The Law Dictionary

Your Free Online Legal Dictionary • Featuring Black’s Law Dictionary, 2nd Ed.

How To Disown A Relative

How To Disown A Relative

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Family relatives are defined as more than someone’s parents, siblings, and children. Family relatives also include grandparents, aunts, uncles, nieces, nephews, and cousins. Severing relations with adult family members, depending on the underlying reasons, may not require legal proceedings or the services of an attorney. However, when one of the interested parties is a minor, it is advisable to consult with a family law lawyer because legal paperwork and court hearings will be required.

Disowning a relative is an action intended to terminate any connection with or responsibility for that family member. The following information describes the highlights of the informal and formal ways that an adult family member can disown a relative. An individual is an adult when he has reached the age of legal majority in his state. Adult independence, when a person is responsible for his own actions, varies from state to state and can range from 16 to 18 years of age.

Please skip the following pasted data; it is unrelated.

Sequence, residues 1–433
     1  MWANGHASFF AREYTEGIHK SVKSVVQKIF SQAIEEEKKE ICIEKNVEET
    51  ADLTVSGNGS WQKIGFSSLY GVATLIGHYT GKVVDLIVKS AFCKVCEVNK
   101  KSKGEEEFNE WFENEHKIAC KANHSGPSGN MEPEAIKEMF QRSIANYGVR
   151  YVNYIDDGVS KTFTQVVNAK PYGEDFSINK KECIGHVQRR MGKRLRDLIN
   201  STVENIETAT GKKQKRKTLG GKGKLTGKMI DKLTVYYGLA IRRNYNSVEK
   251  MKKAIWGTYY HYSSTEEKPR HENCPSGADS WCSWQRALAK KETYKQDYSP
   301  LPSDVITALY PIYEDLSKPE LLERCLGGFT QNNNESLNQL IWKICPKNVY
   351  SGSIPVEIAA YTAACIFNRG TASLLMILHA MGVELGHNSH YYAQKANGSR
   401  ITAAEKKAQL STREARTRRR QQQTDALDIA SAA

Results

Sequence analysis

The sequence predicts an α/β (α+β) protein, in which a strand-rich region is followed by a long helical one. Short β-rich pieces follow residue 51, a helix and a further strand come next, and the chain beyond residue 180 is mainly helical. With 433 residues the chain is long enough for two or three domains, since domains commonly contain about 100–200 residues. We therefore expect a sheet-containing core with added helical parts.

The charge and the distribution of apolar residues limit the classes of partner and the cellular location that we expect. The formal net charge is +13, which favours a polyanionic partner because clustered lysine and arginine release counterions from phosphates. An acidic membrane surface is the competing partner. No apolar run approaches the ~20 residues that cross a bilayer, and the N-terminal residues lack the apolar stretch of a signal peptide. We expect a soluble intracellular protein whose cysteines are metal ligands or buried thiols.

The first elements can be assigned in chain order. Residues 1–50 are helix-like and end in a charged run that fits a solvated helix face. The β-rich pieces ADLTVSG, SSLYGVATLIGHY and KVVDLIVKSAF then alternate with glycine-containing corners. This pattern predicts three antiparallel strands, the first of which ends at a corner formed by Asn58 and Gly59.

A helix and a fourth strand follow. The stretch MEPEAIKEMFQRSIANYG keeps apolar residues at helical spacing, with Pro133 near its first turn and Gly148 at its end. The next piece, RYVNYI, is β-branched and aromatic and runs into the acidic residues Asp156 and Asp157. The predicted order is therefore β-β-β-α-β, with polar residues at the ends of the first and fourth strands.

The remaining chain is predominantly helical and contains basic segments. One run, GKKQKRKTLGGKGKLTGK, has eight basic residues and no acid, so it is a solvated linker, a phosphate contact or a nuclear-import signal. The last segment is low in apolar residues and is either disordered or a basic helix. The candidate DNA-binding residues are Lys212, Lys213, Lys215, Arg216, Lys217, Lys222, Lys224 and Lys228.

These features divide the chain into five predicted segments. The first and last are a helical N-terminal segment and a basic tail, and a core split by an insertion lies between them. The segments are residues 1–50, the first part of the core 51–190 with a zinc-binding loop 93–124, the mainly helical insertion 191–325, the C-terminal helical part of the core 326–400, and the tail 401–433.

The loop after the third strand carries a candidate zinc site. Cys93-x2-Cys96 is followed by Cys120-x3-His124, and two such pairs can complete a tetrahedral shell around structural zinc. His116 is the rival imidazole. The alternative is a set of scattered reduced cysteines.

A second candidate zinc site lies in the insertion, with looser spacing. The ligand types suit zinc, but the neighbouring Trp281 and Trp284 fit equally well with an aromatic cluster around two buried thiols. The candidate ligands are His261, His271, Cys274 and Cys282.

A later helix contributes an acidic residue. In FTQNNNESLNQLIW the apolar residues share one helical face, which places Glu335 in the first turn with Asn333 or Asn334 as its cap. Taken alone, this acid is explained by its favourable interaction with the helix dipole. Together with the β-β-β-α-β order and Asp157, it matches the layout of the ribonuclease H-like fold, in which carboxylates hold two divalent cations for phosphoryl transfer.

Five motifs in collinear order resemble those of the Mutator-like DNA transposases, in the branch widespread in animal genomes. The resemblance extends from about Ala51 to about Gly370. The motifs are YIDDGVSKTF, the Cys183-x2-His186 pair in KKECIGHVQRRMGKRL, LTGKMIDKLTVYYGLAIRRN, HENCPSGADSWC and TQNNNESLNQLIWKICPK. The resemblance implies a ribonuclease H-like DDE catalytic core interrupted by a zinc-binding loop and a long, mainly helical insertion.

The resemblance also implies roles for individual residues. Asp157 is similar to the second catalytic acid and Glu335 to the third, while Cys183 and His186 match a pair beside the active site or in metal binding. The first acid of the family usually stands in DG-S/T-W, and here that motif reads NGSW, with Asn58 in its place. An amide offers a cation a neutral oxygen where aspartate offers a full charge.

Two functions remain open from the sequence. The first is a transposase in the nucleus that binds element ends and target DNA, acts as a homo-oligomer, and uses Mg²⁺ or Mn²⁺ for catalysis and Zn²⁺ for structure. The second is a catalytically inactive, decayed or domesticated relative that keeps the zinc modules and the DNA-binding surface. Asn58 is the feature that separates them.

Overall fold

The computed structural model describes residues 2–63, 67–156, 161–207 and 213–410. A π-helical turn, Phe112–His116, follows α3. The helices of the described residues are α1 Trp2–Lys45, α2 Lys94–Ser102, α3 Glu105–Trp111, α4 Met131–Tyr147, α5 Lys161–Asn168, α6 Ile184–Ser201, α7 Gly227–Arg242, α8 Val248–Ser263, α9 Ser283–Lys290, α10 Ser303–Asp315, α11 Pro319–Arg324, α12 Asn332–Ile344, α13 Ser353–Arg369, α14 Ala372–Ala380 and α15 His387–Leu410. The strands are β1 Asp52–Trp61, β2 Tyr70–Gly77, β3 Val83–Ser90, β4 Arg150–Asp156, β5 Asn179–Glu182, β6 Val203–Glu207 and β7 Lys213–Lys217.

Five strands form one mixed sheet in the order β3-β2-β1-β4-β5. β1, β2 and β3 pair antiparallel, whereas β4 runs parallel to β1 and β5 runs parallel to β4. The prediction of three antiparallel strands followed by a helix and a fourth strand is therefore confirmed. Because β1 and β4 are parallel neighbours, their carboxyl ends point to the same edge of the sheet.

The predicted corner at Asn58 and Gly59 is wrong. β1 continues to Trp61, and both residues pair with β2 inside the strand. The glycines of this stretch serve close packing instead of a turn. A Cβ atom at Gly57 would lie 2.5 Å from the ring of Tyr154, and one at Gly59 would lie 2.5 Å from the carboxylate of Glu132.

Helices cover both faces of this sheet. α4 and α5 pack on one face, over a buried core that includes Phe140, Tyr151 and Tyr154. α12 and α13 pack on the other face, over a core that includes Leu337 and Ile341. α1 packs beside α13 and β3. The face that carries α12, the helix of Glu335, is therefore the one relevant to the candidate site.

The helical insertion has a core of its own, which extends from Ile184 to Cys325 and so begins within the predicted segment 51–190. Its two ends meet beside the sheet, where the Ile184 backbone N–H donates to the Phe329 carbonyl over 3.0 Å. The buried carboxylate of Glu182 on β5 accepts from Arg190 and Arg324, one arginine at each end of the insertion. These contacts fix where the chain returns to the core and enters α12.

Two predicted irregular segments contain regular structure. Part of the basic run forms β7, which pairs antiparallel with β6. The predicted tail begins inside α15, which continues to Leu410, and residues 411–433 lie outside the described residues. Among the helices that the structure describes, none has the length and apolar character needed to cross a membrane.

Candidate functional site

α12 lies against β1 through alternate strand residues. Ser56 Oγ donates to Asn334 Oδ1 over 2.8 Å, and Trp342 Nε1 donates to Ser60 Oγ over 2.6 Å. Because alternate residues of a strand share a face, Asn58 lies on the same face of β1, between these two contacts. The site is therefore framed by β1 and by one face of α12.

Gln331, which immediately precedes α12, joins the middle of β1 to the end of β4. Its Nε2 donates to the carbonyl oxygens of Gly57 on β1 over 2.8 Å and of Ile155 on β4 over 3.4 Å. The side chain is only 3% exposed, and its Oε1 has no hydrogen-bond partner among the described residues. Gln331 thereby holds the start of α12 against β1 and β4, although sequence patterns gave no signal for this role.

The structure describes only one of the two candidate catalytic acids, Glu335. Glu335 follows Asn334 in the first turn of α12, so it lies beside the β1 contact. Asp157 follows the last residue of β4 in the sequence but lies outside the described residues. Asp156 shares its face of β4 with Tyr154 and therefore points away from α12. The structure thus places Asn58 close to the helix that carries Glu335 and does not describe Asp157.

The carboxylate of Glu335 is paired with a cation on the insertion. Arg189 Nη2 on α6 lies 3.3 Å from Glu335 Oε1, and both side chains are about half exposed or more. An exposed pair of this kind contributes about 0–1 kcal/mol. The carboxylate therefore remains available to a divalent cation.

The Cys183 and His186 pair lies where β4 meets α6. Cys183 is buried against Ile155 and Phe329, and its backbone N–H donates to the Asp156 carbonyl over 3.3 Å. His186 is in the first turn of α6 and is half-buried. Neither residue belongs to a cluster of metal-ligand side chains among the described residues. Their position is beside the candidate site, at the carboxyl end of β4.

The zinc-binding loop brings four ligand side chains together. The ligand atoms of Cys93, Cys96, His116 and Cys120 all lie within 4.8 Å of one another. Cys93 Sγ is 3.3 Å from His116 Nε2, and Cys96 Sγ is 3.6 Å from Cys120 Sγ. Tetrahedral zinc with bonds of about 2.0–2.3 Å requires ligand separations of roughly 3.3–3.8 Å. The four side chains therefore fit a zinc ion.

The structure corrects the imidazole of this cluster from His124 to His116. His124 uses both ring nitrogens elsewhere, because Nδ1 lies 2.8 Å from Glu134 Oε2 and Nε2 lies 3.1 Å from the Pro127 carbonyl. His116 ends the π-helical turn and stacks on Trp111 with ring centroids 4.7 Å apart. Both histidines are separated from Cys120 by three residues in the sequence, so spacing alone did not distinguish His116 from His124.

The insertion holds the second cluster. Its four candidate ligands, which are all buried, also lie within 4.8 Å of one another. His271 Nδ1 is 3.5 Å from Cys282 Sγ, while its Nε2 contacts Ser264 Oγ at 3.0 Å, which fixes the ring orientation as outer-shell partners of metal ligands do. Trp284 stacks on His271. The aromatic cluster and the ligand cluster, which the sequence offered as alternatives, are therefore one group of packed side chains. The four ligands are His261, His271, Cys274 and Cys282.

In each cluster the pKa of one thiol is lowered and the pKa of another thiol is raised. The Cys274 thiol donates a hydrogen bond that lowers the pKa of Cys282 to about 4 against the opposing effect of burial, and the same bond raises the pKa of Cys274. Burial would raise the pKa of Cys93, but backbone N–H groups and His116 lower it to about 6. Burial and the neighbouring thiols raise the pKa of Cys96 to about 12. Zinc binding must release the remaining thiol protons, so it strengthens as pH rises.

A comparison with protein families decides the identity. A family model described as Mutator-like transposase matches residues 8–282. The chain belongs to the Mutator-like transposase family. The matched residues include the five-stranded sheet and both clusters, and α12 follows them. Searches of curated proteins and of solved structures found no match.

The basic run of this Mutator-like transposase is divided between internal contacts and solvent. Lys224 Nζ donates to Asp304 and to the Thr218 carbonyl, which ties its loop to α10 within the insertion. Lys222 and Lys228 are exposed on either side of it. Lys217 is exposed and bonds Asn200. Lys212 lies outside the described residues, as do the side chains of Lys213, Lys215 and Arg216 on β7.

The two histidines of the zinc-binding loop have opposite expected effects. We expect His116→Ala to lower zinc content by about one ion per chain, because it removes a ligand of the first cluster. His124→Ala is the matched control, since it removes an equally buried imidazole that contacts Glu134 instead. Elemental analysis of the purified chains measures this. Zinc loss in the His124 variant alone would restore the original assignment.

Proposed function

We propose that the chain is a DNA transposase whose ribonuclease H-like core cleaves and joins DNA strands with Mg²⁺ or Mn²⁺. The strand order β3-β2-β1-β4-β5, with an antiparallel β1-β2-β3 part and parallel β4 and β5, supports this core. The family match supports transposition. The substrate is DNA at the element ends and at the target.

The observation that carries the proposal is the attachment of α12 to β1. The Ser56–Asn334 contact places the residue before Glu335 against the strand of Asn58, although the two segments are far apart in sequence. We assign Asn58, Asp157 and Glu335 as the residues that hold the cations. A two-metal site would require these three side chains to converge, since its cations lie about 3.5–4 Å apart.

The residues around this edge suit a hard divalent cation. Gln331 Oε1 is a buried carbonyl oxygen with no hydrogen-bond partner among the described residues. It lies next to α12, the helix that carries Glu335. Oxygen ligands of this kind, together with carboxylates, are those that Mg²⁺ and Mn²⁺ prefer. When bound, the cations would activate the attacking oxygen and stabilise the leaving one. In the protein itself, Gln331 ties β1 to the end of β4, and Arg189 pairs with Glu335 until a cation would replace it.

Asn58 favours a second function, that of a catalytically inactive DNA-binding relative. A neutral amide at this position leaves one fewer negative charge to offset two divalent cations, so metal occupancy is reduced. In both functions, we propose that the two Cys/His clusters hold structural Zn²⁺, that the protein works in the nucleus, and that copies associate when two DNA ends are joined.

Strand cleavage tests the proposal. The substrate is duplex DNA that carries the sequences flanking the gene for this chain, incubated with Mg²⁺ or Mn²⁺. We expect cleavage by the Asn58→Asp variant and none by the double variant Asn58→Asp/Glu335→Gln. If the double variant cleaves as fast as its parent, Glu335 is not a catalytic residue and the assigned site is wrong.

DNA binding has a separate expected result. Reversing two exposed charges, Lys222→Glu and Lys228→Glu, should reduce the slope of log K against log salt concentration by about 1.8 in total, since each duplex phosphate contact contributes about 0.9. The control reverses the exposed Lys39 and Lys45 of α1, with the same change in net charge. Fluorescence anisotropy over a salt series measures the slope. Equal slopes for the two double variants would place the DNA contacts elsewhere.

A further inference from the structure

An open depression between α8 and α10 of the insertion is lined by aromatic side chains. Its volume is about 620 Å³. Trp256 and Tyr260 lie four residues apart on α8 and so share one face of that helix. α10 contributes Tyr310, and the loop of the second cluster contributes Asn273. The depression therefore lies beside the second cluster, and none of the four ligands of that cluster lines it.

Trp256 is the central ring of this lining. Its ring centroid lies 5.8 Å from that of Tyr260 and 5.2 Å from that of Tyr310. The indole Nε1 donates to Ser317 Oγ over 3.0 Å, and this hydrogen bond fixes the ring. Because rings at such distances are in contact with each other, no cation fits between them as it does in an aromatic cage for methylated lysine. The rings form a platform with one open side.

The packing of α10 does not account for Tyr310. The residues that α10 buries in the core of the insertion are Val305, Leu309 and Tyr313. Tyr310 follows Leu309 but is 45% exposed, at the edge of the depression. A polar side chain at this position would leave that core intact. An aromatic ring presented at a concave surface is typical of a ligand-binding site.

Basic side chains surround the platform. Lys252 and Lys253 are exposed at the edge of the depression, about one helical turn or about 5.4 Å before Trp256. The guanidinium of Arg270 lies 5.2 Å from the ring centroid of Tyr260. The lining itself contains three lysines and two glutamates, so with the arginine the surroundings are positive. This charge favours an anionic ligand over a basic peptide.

When there is no threat of physical or mental abuse and you are living with the person, or persons, you want to disown, you can move into a residence of your own and not let them know your address. You can cease all contact with the family member by refusing to accept any written or electronic communications. You need to notify the family member in writing that you are severing the family connection and no longer want any contact or communication with him. You can send the notification using certified mail.


If you are being harassed or abused by a family member, you can terminate the relationship with the assistance of the legal system. A few available options are: to notify the relative in writing of your intention to sever your family ties; to obtain a restraining order to restrict his access to you; and to have a city or county official serve your relative with a Notice of No Trespass. If your relative violates a court order or notice, you can:

  1. Charge him with criminal trespass
  2. Obtain a Peace Bond (meaning he will have a financial penalty because of his action)

To ensure that someone you disown cannot claim any inheritance from your estate, your will can exclude this person from having any part of your assets. When disowning your parents, you can name a guardian for your children to ensure that your parents will not gain control of your minor children.


This article contains general legal information but does not constitute professional legal advice for your particular situation. The Law Dictionary is not a law firm, and this page does not create an attorney-client or legal adviser relationship. If you have specific questions, please consult a qualified attorney licensed in your jurisdiction.

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